“To engage, or not to engage,” much like Prince Hamlet, is the question that India is grappling with after the fall of the Abdul Ghani government and a new dispensation taking guard after the swift takeover of Kabul by the Taliban.
Unsure of the nature of phoenix that would rise from the ashes of democracy and its geopolitical repercussions, the government of India has decided to take refuge in a “wait and watch” policy which basically is a euphemism for indecision, taking a cue from former Prime Minister P V Narasimha Rao who famously said, “not taking a decision is also a decision.”
It has been over a month now since the fall of Kabul. New Delhi is still unsure of the approach to adopt for dealing with the catastrophe unraveling in Afghanistan. In contrast, the canons of diplomacy dictate that we should have been the first responders to this development. Not only are we in close proximity to the event, but it has severe security and geopolitical ramifications for us.
If handled lackadaisically and with complacency, the Kabul conundrum, a hallmark of Indian foreign policy, will affect us adversely from a geostrategic perspective by restricting our access to Central Asia and geopolitically weaken our position in the region. Swinging between clandestine meetings with the Taliban in Doha and a silent refusal to recognise the regime, the Indian foreign policy establishment, as usual, seems to be in a quandary and functioning like a deer caught in the glare of headlight.
This article attempts to provide clarity to the debate by separating the wheat from the chaff, weighing the pros and cons meticulously, and arriving at an informed conclusion.
The arguments favoring engagement are based on pragmatism. First and foremost, India should engage with the Taliban because we have invested around 3 billion dollars in different developmental projects in Afghanistan that are in different stages of completion over the past decade. We need our presence there to ensure that they are completed before being handed over to the people of Afghanistan for their use.
These projects have not only earned a lot of goodwill for us among the Afghans but made us eligible for a role in matters of state as developments there directly affect our geopolitical calculus as far as our connectivity to central Asia is concerned.
Secondly, given the fact that many factions within the Taliban, namely the Haqqani network, are avowedly and overtly inimical to India, it is imperative that we maintain some level of operational contact there to ensure that Afghanistan is not used for terrorist activities against India, especially for fomenting secessionism in Kashmir. Not engaging would leave the field wide open for Pakistan, giving it free rein to carry out its nefarious intentions against India uninhibitedly.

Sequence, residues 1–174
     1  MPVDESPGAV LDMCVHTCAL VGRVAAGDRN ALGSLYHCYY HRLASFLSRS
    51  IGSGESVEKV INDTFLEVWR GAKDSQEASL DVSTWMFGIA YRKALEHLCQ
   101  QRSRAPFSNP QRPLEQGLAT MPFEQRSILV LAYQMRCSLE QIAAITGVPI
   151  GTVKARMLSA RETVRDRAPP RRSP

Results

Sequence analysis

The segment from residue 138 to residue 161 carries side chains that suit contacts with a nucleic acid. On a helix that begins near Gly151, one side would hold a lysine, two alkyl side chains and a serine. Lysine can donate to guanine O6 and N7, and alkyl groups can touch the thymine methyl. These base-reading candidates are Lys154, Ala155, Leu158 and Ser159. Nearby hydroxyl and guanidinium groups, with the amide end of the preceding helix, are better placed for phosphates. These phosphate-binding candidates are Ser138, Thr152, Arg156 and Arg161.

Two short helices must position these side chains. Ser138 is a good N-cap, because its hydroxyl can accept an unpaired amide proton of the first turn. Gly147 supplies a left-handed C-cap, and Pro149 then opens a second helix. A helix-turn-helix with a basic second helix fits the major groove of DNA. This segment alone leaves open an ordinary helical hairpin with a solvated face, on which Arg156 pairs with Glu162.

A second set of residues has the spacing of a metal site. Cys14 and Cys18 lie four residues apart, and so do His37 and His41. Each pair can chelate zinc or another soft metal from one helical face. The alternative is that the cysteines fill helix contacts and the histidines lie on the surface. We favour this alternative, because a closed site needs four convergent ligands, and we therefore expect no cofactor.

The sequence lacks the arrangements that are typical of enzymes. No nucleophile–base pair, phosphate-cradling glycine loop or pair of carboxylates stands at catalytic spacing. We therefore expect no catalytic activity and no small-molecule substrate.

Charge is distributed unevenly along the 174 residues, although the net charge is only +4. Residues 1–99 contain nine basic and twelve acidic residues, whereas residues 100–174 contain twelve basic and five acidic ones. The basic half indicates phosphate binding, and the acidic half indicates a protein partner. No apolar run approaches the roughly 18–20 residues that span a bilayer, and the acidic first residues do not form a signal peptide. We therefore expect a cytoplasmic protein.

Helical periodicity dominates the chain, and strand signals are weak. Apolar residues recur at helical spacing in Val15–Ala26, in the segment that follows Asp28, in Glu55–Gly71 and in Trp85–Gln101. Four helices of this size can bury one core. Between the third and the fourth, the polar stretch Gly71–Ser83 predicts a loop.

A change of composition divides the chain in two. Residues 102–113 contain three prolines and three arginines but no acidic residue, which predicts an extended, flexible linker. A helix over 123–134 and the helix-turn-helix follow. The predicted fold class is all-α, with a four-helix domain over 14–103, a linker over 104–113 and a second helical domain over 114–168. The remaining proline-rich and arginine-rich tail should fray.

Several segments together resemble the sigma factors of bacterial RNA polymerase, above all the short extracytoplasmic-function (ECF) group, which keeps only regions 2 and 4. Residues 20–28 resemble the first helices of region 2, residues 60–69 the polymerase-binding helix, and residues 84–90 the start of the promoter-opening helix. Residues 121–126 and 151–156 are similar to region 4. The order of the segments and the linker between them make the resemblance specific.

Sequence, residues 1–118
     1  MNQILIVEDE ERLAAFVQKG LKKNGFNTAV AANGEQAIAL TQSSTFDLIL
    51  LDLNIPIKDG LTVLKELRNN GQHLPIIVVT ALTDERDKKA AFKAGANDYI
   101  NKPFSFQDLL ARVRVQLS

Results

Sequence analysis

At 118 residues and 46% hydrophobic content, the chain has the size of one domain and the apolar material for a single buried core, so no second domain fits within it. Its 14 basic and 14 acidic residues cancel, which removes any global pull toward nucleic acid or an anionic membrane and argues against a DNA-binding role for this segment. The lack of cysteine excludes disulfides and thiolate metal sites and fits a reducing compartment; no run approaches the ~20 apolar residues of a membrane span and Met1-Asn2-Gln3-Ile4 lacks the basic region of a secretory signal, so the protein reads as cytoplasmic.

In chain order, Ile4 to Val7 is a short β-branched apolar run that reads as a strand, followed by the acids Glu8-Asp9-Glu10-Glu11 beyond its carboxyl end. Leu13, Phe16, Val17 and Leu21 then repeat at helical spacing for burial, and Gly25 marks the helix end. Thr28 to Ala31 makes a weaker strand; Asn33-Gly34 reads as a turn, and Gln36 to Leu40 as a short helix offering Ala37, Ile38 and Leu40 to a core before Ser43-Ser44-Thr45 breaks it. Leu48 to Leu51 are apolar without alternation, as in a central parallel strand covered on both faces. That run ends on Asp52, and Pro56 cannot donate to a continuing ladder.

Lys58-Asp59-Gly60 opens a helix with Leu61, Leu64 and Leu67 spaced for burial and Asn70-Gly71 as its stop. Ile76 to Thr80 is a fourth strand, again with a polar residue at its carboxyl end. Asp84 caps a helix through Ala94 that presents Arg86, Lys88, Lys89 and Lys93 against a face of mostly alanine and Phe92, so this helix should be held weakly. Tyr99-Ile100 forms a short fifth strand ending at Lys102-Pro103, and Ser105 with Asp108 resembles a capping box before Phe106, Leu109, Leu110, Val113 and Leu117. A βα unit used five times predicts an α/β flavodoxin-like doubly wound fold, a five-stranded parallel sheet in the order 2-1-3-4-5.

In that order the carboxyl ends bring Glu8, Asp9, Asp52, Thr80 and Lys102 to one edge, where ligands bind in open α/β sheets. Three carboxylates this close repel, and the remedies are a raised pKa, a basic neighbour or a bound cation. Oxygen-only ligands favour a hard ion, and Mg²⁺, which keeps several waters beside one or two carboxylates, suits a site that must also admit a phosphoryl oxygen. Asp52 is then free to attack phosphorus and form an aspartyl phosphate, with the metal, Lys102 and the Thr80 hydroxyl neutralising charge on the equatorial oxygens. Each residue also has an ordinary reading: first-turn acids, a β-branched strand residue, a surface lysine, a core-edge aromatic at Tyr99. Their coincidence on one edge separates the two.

Moreover, China has already committed 30 million dollars in development aid to Afghanistan. Given the deadlock over Galwan in Ladakh, we cannot allow China to seize the initiative and gain a strategic advantage over us on the western front.
Many Indian nationals and people of Indian origin (Sikhs and Hindus of Afghanistan), and Afghans who are not welcome by the new regime are stranded. They need to be evacuated, which is not possible without approval from the Taliban as they are in control of not just the airport but the overall security of the country.
A prominent reason meted out for outreach is that many security and defence analysts believe that the present Taliban is very different from the one that took over Kabul in 1996 under the leadership of Mullah Omar and that they are only focused on Afghanistan. If they promise and keep their promise that they would not allow Afghanistan to be used for terrorist purposes or waging wars against other nations, it is safe to engage and recognize them.
The arguments against any kind of engagement are based on principles. The Taliban was born out of an extremist ideology and nurtured in the madrassas. Historical research of such movements does not provide any evidence to suggest that these movements compromise with their ideological positions over time. Hence, this whole idea of a new Taliban is nothing but old wine in a new bottle.
Moreover, for the last two decades, the Taliban has not only been provided shelter in Pakistan by the ISI, but they have been trained and equipped by them as well. In many ways, it can be safely said that the Taliban is the illegitimate child of the Pakistan army and ISI. As a result, they are indebted to them and act like the handmaiden of ISI and hence are decidedly inimical to India. Any engagement with them would be playing into the hands of the ISI.
Most of the Taliban leadership are designated terrorists of the United Nations, and some of them are on the most wanted list of United States of America. Engaging with them overtly would put a question mark on our integrity vis-à-vis terrorism as we fight them on our soil and share conference tables outside the country.
On the face of it, India is faced with a Hobson’s choice when it comes to engaging with the Taliban. A way out of this precarious situation is to draw a clear distinction between engagement and recognition.
Tactical engagement to ensure continuity of our relationship with the people of Afghanistan is desirable and necessary as a recent Pew survey showed that India is the country most loved by Afghans, which creates a moral responsibility to stand by them when they need help.
As far as recognizing the Taliban regime is concerned, it can be made conditional to the Taliban forming an inclusive and representative government, gender rights, and paying heed to India’s concerns in the region.